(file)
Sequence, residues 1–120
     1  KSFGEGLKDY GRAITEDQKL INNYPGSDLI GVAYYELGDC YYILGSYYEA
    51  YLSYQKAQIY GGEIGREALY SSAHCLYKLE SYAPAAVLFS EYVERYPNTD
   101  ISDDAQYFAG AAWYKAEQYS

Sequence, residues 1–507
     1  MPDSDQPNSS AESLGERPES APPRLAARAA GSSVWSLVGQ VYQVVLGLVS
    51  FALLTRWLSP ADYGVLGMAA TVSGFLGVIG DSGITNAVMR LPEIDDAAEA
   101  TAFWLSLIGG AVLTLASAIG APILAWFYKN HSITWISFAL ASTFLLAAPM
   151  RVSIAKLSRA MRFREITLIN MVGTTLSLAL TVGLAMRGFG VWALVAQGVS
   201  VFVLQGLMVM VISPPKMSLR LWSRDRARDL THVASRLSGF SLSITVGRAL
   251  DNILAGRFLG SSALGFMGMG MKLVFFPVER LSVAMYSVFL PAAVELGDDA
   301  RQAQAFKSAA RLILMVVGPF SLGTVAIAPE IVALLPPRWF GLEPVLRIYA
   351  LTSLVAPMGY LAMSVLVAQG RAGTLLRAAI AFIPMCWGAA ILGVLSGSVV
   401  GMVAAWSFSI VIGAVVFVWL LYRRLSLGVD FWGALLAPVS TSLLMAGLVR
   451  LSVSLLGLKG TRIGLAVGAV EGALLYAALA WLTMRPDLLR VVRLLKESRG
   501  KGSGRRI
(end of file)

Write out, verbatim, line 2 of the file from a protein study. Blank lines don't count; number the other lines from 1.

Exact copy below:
     1  KSFGEGLKDY GRAITEDQKL INNYPGSDLI GVAYYELGDC YYILGSYYEA